• News Feeds
Page last updated at 06:06 GMT, Thursday, 21 October 2010 07:06 UK
Today: Thursday 21st October

The Institute for Fiscal Studies says deeper public spending cuts may prove necessary, because the deficit could turn out to be larger than expected. The Chancellor George Osborne debates the spending cuts. And is it really such a treat to meet your favourite writer in the flesh these days?

To speed up the loading time for this running order, we have replaced the audio with links. To hear the reports, interviews and discussions, just click on the links.

Get in touch via email , Twitter or Facebook or text us on 84844.0709

Business news with Adam Shaw: David Riley of Sovereign Ratings at Fitch talks about Britain's triple A credit rating. Michelle Fleury reports on the war of words over the bid for record company EMI.

Pilotless drone attacks are seeing increasing use as a means of attacking insurgents in Afghanistan and Pakistan. Professor Michael Schmitt of Durham University and Mary Ellen O'Connor, from Notre Dame University in Indiana, discuss the legality of using drones in a sovereign state.

The sum of £18bn is to be cut from the welfare bill, excluding the basic state pension and winter fuel payments. Teresa Perchard of Citizens Advice analyses how the cuts will affect those using social housing.

Scientists have discovered the most distant galaxy yet observed from Earth. Dr Mark Swinbank of the Institute for Computational Cosmology explains how the astronomical object is so far away that we are observing light 13.1 billion years old.

Business news with Adam Shaw.

Economists are divided over the Spending Review. Financial Times commentator Martin Wolf and economist Ken Rogoff discuss whether the Chancellor has judged the pace of cuts correctly.

Sports news with Garry Richardson.

Is the spending review an economic necessity or a political choice? Shadow Chancellor Alan Johnson gives his reaction to the Spending Review.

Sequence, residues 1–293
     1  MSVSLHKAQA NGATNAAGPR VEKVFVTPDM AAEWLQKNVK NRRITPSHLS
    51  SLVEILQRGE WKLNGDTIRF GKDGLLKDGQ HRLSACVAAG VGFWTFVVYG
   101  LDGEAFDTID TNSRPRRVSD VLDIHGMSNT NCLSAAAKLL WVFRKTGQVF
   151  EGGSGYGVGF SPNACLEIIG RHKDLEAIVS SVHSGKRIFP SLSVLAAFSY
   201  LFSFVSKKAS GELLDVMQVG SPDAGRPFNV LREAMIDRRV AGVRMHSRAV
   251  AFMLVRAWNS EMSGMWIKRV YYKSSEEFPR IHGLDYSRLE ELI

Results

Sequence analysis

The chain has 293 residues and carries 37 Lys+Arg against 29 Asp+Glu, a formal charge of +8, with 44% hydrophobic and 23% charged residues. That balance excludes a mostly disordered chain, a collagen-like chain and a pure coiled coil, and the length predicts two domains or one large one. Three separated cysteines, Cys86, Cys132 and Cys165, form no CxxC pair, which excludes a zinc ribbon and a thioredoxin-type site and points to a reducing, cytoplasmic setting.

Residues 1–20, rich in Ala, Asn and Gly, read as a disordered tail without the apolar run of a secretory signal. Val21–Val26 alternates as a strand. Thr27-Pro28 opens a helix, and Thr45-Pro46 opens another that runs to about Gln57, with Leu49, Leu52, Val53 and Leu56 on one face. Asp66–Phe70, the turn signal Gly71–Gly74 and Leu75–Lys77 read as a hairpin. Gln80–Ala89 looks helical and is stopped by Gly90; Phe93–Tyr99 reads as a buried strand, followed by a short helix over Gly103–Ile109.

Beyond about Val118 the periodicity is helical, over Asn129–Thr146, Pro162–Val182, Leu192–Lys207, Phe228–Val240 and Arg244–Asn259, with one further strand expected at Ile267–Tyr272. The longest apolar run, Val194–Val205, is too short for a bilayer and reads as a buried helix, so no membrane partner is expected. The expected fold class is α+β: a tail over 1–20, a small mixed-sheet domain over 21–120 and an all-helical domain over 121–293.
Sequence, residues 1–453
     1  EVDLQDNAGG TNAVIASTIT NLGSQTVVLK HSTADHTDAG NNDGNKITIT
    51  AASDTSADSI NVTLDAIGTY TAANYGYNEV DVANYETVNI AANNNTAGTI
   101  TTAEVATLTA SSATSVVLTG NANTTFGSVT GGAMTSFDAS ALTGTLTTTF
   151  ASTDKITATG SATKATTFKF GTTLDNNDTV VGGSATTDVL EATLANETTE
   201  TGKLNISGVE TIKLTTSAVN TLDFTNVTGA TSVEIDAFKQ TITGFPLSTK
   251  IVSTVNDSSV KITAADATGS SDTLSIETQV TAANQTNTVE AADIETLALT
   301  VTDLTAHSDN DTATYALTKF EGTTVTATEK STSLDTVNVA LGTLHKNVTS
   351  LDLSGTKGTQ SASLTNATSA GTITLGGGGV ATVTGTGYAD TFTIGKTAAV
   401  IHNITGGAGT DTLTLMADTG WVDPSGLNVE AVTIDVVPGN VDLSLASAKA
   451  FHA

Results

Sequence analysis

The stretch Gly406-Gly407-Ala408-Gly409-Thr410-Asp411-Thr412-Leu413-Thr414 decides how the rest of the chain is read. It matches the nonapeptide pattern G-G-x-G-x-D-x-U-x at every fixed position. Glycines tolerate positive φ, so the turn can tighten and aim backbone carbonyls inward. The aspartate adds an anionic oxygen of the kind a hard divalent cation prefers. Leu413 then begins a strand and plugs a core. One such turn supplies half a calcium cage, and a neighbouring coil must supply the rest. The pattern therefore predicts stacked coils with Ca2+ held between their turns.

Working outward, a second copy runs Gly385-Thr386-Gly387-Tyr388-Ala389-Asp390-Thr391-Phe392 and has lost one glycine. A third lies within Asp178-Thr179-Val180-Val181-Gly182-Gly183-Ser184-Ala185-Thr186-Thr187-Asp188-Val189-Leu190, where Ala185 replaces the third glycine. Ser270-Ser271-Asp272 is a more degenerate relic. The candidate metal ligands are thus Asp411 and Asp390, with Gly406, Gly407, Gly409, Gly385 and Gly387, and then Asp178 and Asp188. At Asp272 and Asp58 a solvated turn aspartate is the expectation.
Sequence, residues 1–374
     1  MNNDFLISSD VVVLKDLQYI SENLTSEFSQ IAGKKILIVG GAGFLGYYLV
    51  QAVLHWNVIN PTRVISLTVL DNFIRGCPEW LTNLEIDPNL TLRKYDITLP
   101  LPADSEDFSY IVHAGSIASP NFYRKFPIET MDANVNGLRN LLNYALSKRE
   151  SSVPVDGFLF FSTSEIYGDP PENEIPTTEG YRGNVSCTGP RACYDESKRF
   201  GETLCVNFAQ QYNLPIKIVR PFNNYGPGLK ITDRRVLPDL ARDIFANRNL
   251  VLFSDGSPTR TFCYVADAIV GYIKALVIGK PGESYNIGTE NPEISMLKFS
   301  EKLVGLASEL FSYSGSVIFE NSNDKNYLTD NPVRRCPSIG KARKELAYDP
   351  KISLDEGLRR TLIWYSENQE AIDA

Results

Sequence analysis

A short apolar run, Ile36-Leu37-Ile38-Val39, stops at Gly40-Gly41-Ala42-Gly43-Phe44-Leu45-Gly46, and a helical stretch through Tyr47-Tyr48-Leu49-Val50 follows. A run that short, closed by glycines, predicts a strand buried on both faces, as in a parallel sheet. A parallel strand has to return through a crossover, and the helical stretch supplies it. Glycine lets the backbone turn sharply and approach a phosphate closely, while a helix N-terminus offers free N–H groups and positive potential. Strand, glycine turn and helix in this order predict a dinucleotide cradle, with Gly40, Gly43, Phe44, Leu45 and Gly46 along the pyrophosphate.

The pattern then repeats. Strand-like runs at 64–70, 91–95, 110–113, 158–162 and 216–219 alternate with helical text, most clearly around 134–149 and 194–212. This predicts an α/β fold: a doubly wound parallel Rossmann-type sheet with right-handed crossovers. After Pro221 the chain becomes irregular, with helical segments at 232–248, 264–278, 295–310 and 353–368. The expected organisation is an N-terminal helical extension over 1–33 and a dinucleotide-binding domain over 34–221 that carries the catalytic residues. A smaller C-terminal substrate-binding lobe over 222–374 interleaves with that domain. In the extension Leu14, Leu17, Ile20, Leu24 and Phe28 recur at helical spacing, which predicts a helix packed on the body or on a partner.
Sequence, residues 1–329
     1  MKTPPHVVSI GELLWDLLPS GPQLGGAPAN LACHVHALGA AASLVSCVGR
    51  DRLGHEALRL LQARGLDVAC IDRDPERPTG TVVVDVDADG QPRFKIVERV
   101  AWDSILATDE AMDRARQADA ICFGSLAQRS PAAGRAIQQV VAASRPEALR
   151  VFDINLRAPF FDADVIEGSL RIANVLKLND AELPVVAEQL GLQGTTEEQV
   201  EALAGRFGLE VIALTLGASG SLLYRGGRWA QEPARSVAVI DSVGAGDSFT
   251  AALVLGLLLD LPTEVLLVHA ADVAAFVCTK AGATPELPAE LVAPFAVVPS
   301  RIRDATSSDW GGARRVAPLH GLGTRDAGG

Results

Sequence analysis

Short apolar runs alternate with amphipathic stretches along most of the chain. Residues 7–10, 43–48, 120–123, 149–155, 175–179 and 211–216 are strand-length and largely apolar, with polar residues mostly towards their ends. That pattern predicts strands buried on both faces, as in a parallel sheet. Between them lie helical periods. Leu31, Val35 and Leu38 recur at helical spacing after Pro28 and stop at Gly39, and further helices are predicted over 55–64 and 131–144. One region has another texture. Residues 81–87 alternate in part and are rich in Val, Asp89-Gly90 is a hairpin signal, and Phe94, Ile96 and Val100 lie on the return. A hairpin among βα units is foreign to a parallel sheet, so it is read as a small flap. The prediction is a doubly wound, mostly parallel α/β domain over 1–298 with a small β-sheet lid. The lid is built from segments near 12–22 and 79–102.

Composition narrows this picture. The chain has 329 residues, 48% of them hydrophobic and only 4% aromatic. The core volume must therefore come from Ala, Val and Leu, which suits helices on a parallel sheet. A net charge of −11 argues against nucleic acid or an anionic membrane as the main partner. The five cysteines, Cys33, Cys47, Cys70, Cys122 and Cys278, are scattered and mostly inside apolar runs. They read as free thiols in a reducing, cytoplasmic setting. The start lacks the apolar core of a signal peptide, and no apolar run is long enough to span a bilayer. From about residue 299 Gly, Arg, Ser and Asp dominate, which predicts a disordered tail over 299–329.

Paper review.

Recent political change in the Russian capital could lead to the removal of the giant statue of Peter the Great. Steve Rosenberg reports on why Muscovites are so disgruntled about the structure erected by the former mayor.

Are the new economical steps taken by the Chancellor progressive or regressive? Tim Harford, presenter of the More or Less programme, analyses the numbers outlined in the Comprehensive Spending Review.

Thought for the Day with Dom Antony Sutch, a Benedictine Monk.

French president Nicolas Sarkozy has said that if strikes across the country do not come to an end soon, the economy could be damaged and jobs lost as a result. Europe correspondent Matthew Price assesses how the strikes are affecting daily life in the country.

The coalition has set out £81bn of cuts to UK state spending. Chancellor George Osborne explains the thinking behind his economic choices.

Sports news with Garry Richardson.

George Osborne says the spending review is the biggest cut in state spending since World War II. Political editor Nick Robinson analyses the political repercussions of the Spending Review.

Business news with Adam Shaw.

Breon O'Casey is one of the last members of the Cornish St Ives School of artists. He talked about his work and a new show in London to reporter Nicola Stanbridge.

A vote on France's pension reform legislation in the Senate has been delayed, as the disruptions around the country still continue in protest to the bill. French journalist Pierre Haski examines if President Sarkozy is likely to make a compromise with the unions.

Council leaders across England and Wales will meet this morning to discuss their response to the spending review. Reporter Tom Bateman took a journey to one local authority to assess the mood. Local government expert Tony Travers analyses the effect of the cuts on councils.

Is it really such a treat to meet your favourite writer in the flesh these days? Chairman of bookshop Foyles, Christopher Foyle and writer Anthony Horowitz discuss the relationship between authors and readers.



Sign in

BBC navigation

Copyright © 2015 BBC. The BBC is not responsible for the content of external sites. Read more.

This page is best viewed in an up-to-date web browser with style sheets (CSS) enabled. While you will be able to view the content of this page in your current browser, you will not be able to get the full visual experience. Please consider upgrading your browser software or enabling style sheets (CSS) if you are able to do so.

Americas Africa Europe Middle East South Asia Asia Pacific